Russian Plane Crash: Speculation on Photos With ‘Holes’ in Doors
Russian Plane Crash: Speculation on Photos With ‘Holes’ in Doors
Russian, Egyptian officials dispel bomb speculation

A Russian newspaper has published photos of possible “marks made” from shrapnel on the doors of the Airbus A321 that crashed in Egypt, killing 224 on Saturday.

Russian newspaper Komsomolskaya Pravda highlighted the photos of the downed Russian airliner, showing what appears to be pock marks in the fuselage.

According to the paper, the holes appear “like marks made by shrapnel” from a bomb. It added that there are “holes in the plane parts with the edges curved inside-out,” according to a translation from MailOnline.

“We may suppose that these are the holes made by the destructive parts of the bomb,” the paper wrote. One image shows “small holes at the inner door of the emergency exit at the back part of the plane.”

“Such holes could have been made by metal balls, which are often used by terrorists as the destructive parts of the bombs,” the paper claimed.

This week, a growing chorus of officials are speculating that the plane was likely brought down by a bomb. 

Adding to it, U.K. Prime Minister David Cameron on Thursday said it’s “increasingly” likely a bomb was responsible for bringing down the Russian airplane over Egypt.

Britain, Ireland, Germany and the Netherlands have suspended flights in and out of Sharm al-Sheikh, the resort area where thousands of Europeans and Russians take their vacations. The plane crashed on the Sinai Peninsula.

A Sinai-based organization affiliated with the Islamic State, or ISIS–the terrorist organization that has taken over much of Iraq and Syria and has many splinter cells–claimed responsibility for the crash.

And in a NBC News report earlier this week, a U.S. infrared satellite picked up a “heat flash” right before the plane started plummeting. It has been suggested that either a bomb or a fuel tank explosion caused the flash.

Egyptian soldiers collect personal belongings of plane crash victims at the crash site of the plane in Hassana, Egypt, on Monday, Nov. 2, 2015. (Russian Ministry for Emergency Situations photo via AP)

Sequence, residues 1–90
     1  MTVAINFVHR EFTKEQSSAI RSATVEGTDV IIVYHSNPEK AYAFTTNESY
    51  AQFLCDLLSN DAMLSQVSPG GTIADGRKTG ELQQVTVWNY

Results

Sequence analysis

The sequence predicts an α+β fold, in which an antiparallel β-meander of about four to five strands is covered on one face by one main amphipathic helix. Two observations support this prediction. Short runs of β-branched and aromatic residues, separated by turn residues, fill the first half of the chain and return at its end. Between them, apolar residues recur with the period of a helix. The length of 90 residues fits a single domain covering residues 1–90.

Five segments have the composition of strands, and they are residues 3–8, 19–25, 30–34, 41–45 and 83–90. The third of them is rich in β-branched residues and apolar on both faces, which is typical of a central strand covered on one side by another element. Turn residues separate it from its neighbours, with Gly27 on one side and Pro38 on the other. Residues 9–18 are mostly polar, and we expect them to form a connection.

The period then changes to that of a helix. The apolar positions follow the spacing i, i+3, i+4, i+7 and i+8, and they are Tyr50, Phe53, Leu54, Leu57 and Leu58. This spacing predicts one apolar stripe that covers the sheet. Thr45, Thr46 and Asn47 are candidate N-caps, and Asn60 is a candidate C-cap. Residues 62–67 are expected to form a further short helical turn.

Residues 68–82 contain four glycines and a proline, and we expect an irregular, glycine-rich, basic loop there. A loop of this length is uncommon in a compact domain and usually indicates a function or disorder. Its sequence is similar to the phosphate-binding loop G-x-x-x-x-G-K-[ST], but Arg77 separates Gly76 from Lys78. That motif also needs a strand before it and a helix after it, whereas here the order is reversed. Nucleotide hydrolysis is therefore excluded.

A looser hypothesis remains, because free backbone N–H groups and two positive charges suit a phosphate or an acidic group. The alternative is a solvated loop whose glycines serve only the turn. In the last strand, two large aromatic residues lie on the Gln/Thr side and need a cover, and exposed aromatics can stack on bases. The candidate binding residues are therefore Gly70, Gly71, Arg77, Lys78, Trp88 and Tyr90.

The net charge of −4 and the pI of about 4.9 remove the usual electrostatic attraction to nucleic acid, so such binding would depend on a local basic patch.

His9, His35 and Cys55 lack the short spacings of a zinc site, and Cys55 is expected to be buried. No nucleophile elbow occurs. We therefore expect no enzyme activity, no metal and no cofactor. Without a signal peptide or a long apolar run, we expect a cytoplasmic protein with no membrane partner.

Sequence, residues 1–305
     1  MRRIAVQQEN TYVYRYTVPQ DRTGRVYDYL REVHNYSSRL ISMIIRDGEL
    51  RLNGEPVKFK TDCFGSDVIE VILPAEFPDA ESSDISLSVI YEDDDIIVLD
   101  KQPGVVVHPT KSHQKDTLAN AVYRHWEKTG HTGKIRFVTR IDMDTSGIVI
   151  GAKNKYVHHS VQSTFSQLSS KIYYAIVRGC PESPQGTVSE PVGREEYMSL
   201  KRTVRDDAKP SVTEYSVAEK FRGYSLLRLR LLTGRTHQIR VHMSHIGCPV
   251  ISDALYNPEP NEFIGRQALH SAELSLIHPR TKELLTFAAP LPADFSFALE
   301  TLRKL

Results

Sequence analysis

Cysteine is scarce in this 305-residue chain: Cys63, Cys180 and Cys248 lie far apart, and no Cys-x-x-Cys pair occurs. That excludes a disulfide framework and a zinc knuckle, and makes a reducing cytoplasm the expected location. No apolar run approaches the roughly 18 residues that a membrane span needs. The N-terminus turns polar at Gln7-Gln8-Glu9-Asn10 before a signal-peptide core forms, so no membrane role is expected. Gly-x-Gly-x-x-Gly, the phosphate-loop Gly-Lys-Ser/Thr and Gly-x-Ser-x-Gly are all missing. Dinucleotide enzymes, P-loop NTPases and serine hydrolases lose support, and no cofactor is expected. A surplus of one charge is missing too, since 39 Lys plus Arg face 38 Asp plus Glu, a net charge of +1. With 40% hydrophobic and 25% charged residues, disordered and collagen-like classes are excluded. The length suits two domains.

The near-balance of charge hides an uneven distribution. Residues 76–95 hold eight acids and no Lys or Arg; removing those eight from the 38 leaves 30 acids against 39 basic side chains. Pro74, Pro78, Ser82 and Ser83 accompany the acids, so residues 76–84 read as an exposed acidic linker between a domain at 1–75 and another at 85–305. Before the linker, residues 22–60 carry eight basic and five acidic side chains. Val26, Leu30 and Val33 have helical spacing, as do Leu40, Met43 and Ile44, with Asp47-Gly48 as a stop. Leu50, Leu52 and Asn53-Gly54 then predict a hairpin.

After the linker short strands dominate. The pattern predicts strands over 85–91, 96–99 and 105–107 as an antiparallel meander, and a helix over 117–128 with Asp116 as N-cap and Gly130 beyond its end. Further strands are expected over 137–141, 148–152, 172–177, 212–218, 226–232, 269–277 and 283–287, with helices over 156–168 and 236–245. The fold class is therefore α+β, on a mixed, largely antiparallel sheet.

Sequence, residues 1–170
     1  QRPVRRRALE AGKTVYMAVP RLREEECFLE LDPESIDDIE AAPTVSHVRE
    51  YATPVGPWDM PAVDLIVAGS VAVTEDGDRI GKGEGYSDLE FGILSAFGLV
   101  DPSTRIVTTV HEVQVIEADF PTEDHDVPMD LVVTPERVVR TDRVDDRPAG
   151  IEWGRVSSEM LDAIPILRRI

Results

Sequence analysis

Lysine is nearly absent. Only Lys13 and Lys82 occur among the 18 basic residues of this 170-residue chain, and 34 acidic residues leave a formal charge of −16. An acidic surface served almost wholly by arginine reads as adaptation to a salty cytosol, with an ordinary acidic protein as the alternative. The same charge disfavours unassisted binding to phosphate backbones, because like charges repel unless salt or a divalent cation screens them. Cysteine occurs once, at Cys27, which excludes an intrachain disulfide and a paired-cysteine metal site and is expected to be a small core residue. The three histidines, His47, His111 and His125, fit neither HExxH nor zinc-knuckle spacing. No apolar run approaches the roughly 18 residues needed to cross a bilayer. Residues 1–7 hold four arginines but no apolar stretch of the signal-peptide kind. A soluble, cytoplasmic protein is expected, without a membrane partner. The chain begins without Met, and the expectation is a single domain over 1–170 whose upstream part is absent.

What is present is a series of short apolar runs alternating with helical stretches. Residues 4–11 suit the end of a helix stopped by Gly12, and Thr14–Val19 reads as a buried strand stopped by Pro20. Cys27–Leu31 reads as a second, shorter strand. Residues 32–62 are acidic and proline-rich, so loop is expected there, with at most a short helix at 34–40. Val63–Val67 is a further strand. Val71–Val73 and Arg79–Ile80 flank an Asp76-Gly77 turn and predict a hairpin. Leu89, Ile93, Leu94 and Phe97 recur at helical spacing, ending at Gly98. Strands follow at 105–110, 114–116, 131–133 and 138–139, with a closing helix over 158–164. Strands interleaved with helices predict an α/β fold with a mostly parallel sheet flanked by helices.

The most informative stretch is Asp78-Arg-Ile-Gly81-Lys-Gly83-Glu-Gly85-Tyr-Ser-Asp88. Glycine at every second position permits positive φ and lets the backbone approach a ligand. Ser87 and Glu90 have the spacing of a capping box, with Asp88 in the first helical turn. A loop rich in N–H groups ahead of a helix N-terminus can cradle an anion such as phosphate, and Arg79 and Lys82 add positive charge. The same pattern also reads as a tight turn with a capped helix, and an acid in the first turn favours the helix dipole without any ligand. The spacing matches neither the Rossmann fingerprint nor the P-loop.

Egyptian soldiers collect personal belongings of plane crash victims at the crash site of the plane in Hassana, Egypt, on Monday, Nov. 2, 2015. (Russian Ministry for Emergency Situations photo via AP)

“We cannot be certain that the Russian airliner was brought down by a terrorist bomb, but it looks increasingly likely that that was the case,” Cameron said in a conference on Thursday with his Egyptian counterpart, President Abdel Fattah al-Sisi. “We are working intensively together in the spirit of close cooperation and I’m immensely grateful for all the efforts the Egyptian authorities have made so far,” he also said, according to a video of his remarks.

On Thursday, Russian and Egyptian officials said the “speculation” on the plane crash is harming the investigation, reported the BBC.

Russian officials have not ruled out the possibility of a terrorist attack.

As for the United States, an unnamed official said the Airbus A321 plane crashed probably because a bomb was planted on it.

“There is a definite feeling it was an explosive device planted in luggage or somewhere on the plane,” the official told CNN’s Barbara Starr on Nov. 4.

In this photo made available Monday, Nov. 2, 2015, and provided by Russian Emergency Situations Ministry, Egyptian Military on cars approach a plane's tail at the wreckage of a passenger jet bound for St. Petersburg in Russia that crashed in Hassana, Egypt, on Sunday, Nov. 1, 2015. The Russian cargo plane on Monday brought the first bodies of Russian victims killed in a plane crash in Egypt home to St. Petersburg, a city awash in grief for its missing residents. (Maxim Grigoriev/Russian Ministry for Emergency Situations via AP)
(Maxim Grigoriev/Russian Ministry for Emergency Situations via AP)

Their comments come as thousands of Britons are stranded in Sharm al-Sheikh. Planes have been sent from the U.K. to the area to bring them back, but it could take longer than a week to get it done.

On Wednesday, ISIS released a propaganda video with militants speaking in Arabic and Russian. They threatened to carry out more attacks against Russian assets, which would be done in response to the air campaign over Syria that started in late September.

A fighter praises the terrorists in Sinai who carried out the alleged plane attack, calling Russian President Vladimir Putin “the swine.”

Russian Metrojet Flight 9268 took off from the Sharm airport on Saturday morning. About 20 minutes after takeoff, the plane lost contact after reaching an altitude of 31,000 feet. The plane was filled with mainly Russian passengers traveling to St. Petersburg.

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